Downpour. An ant abandons its dead caterpillar. An earthworm dangles from a cardinal’s bill.
Strands of caterpillar silk float on the breeze, appearing and disappearing as they pass through sunbeams. Ravens’ falsetto alarm calls.
The yelling of a crow unable to raise a mob. Sun glints on caterpillar silk strung like abandoned bunting among bare walnut-tree branches.
Wasps wallow through mounds of snakeroot flowers. At the woods’ edge, a yellow leaf trapped by a caterpillar thread never stops twirling.
Cloudy and cold. A caterpillar climbs my leg, its brown form so extravagantly furred it resembles a miniature, misplaced fashion accessory.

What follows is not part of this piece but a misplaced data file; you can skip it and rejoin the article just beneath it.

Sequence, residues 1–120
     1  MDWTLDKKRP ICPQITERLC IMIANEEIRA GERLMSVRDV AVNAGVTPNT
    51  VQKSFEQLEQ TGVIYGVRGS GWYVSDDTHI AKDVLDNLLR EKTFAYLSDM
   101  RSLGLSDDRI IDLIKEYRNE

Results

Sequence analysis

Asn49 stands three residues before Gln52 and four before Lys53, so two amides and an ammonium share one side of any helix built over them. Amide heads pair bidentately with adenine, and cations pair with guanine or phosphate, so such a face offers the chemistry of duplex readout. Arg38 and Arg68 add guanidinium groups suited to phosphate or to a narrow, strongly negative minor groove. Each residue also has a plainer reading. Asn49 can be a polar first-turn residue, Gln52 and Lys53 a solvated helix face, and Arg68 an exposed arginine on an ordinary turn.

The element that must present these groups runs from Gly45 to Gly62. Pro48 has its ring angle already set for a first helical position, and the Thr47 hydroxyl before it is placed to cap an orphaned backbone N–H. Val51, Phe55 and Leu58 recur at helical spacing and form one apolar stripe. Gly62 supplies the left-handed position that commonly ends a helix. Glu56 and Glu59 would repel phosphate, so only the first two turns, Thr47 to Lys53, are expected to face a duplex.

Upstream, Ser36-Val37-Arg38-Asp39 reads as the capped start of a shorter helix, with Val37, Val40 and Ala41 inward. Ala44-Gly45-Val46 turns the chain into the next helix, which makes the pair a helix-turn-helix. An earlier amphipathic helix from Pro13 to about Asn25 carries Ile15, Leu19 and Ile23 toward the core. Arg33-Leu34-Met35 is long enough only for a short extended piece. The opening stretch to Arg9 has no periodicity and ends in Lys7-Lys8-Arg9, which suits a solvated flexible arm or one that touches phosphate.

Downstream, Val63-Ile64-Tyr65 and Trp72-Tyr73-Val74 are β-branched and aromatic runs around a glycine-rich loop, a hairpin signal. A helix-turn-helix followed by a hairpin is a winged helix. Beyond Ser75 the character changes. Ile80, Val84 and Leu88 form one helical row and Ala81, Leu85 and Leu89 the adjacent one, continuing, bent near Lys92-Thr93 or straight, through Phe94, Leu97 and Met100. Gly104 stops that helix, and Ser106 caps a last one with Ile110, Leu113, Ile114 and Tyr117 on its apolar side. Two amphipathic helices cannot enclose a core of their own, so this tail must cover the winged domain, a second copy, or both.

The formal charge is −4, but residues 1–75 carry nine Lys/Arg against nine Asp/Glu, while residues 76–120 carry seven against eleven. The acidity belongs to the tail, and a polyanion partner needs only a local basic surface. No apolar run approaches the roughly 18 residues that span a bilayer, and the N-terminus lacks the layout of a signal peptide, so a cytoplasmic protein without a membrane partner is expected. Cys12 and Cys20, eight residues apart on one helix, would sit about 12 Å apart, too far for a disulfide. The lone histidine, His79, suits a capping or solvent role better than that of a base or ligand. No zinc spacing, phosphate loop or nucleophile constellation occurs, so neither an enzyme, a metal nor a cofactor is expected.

While the male chickadee calls from the end of a walnut branch, his mate combs the leaves for caterpillars, hovering, hanging upside-down.
An old strand of caterpillar silk at the wood’s edge shimmers in the sun. A crow keeps saying something urgent in four syllables.
Another cloudless morning. Sunlight glints on abandoned spider and caterpillar silk in every tree and between them—a threadbare garment.
A bristly white caterpillar on the freshly painted white porch railing. The sky too is white, and the lawn with its banks of snakeroot.